Project title: "Enhancing cancer immunotherapy through epigenetic modulation of the repetitive genome"
Institution: Brigham and Women's Hospital
Award Program: Physician-Scientist
Sponsor(s) / Mentor(s): Bradley E. Bernstein, MD, PhD, and Arlene H. Sharpe, MD, PhD
Cancer Type: Skin
Research Area: Epigenetics
Megan Insco, MD, PhD

Dr. Insco studies advanced melanoma. Melanoma initiation and drug resistance rely heavily on factors that control gene expression. Proteins called Cyclin Dependent Kinases (CDKs) show promise as drug targets in multiple difficult-to-treat cancers and are enabling a method to “drug” the previously “undruggable” process of gene expression. She aims to determine whether any of the transcriptional CDKs could be an effective drug target in advanced melanoma. 

Project title: "Investigating transcriptional cyclin dependent kinases as novel melanoma drug targets"
Institution: Boston Children's Hospital
Named Award: William Raveis Charitable Fund Fellow
Award Program: Fellow
Sponsor(s) / Mentor(s): Len Zon, MD
Cancer Type: Skin
Research Area: Animal Models/Mouse Models
Andrew L. Ji, MD

Squamous cell skin cancer or cutaneous squamous cell carcinoma (cSCC) is the second most common cancer in the United States. In cases when the tumor cannot be surgically removed, treatment options are limited. Dr. Ji is focusing on intratumoral heterogeneity, the diversity of cell types and tumor cell subpopulations that characterize these tumors. Current cSCC treatments do not effectively target all subpopulations within a tumor, which leads to survival of some cancer cells and therapeutic resistance. He aims to understand how intratumoral heterogeneity arises within cSCC tumors, focusing on how cell-cell communication within the tumor microenvironment influences this process. This research may guide the development of improved treatment strategies.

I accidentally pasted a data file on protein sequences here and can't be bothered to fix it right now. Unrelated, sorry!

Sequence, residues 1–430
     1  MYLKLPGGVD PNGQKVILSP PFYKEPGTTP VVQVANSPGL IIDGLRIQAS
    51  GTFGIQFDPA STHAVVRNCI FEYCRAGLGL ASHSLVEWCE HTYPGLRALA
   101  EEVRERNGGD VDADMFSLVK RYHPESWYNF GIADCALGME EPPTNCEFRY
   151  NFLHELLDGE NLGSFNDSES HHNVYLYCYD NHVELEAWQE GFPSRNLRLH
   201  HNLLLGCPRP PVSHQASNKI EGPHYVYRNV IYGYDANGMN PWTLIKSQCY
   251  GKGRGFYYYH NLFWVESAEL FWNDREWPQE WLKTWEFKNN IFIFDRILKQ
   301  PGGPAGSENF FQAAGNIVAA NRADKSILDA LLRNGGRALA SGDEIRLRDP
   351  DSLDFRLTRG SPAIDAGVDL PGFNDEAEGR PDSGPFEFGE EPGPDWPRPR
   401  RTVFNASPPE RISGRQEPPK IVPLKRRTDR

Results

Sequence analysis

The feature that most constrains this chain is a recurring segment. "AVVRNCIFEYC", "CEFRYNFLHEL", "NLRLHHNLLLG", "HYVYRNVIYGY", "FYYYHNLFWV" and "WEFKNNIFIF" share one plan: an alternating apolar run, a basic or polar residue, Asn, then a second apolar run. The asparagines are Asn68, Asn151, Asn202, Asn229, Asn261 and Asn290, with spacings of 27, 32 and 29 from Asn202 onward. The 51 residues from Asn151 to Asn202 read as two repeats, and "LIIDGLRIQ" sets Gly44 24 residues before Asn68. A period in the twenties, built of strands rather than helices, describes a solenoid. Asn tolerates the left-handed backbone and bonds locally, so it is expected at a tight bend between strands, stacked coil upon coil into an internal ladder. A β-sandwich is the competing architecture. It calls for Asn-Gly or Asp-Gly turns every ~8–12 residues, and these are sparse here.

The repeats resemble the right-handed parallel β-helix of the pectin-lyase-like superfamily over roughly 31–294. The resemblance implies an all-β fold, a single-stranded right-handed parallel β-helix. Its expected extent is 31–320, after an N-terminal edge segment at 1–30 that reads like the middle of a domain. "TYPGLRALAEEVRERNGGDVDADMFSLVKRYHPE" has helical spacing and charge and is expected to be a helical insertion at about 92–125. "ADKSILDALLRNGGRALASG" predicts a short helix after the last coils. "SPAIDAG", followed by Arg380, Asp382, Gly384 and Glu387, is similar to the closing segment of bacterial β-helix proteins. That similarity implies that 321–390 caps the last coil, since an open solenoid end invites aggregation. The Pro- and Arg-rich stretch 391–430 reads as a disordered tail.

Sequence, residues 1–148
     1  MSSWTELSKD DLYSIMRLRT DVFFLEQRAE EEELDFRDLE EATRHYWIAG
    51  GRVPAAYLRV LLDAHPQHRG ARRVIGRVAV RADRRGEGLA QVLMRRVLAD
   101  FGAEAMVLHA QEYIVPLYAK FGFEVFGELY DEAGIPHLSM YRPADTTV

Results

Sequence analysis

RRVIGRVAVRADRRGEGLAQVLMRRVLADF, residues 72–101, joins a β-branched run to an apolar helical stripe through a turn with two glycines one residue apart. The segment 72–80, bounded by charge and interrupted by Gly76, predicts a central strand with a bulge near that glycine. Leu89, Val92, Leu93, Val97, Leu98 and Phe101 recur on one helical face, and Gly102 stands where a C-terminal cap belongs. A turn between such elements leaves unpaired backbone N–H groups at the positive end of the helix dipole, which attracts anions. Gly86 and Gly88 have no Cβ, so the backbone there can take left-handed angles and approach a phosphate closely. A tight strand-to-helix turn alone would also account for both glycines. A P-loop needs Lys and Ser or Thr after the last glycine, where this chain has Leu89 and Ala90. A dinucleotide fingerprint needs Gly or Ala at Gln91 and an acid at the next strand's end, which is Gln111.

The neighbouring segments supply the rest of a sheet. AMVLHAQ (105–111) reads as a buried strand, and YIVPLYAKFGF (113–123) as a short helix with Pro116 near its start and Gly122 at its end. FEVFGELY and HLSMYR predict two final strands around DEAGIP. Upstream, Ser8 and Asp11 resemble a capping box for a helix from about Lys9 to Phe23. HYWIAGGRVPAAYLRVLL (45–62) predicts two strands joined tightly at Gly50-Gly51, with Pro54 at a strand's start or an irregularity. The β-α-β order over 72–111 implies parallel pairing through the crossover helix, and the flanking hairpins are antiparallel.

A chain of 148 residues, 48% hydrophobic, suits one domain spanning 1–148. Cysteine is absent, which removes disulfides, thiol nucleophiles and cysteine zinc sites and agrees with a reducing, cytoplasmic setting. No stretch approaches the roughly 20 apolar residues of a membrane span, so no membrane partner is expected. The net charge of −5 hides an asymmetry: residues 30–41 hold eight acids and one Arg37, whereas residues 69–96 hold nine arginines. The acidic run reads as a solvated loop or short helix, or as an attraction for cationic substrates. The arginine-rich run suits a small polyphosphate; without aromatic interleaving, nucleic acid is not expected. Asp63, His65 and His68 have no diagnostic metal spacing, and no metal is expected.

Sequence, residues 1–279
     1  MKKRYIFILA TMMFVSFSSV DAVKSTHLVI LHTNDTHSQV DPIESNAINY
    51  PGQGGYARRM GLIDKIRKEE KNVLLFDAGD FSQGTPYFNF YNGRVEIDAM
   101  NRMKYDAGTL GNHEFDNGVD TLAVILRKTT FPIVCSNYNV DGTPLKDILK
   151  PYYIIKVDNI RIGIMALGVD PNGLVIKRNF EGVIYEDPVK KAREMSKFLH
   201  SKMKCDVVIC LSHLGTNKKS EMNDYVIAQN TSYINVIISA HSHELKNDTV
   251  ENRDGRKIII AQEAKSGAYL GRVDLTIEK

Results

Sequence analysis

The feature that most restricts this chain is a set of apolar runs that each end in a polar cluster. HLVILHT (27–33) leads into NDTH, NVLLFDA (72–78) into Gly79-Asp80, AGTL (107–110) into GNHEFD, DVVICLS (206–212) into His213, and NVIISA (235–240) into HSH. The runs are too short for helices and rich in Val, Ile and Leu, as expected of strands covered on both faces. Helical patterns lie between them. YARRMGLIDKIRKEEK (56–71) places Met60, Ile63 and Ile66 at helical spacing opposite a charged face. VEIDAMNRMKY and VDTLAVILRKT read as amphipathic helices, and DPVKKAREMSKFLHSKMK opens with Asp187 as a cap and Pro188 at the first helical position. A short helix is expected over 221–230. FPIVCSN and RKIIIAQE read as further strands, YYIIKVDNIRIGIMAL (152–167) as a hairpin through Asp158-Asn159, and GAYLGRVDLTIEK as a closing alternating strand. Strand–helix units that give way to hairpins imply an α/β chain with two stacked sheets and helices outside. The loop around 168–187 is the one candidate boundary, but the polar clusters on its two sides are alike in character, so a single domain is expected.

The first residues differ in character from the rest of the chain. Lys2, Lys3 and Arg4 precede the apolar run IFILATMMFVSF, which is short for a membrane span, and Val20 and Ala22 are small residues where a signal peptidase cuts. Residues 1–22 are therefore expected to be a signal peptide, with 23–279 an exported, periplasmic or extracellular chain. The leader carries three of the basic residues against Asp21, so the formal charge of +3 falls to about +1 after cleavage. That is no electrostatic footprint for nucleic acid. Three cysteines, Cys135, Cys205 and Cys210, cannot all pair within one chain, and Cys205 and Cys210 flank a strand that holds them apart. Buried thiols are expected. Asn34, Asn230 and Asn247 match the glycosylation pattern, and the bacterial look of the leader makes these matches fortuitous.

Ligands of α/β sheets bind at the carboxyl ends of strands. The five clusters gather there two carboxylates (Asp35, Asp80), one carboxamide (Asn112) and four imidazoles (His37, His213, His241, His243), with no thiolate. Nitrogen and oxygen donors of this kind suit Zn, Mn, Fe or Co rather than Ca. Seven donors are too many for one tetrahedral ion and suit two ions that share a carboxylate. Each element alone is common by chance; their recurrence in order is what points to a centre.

Project title: "Cancer cell-extrinsic and intrinsic control of tumor progression and intratumoral heterogeneity"
Institution: Stanford University School of Medicine
Award Program: Physician-Scientist
Sponsor(s) / Mentor(s): Paul A. Khavari, MD, PhD
Cancer Type: Skin
Research Area: Carcinogenesis
Anusha Kalbasi, MD

Immune checkpoint inhibitors, a standard of care for metastatic melanoma, release the brakes on a patient's T cells, so they can attack a tumor. Some patients, however, relapse when resistance to treatment occurs. Dr. Kalbasi will lead a clinical trial to test a new immunotherapy treatment approach for patients with this deadly skin cancer, who did not respond to standard therapies. He will identify patients whose melanoma tumor cells express a protein called IL13R2. He will then collect the patient's immune T cells, engineer them to identify tumor cells that express the protein and reinfuse the T cells to kill tumor cells inside the patient. In contrast to immune checkpoint inhibitors that require regular intravenous doses, these engineered chimeric antigen receptor (CAR) T cells are a one-time treatment that theoretically protect the body for life. This clinical trial may also offer insights on how CAR T therapy overcomes tumor resistance mechanisms to treat patients with metastatic melanoma.

Project title: "IL13Ra2 Chimeric Antigen Receptor (CAR) T cells for metastatic melanoma"
Institution: University of California, Los Angeles
Award Program: Clinical Investigator
Sponsor(s) / Mentor(s): Antoni Ribas, MD, PhD, and Christine Brown, PhD
Cancer Type: Skin
Research Area: Immunotherapy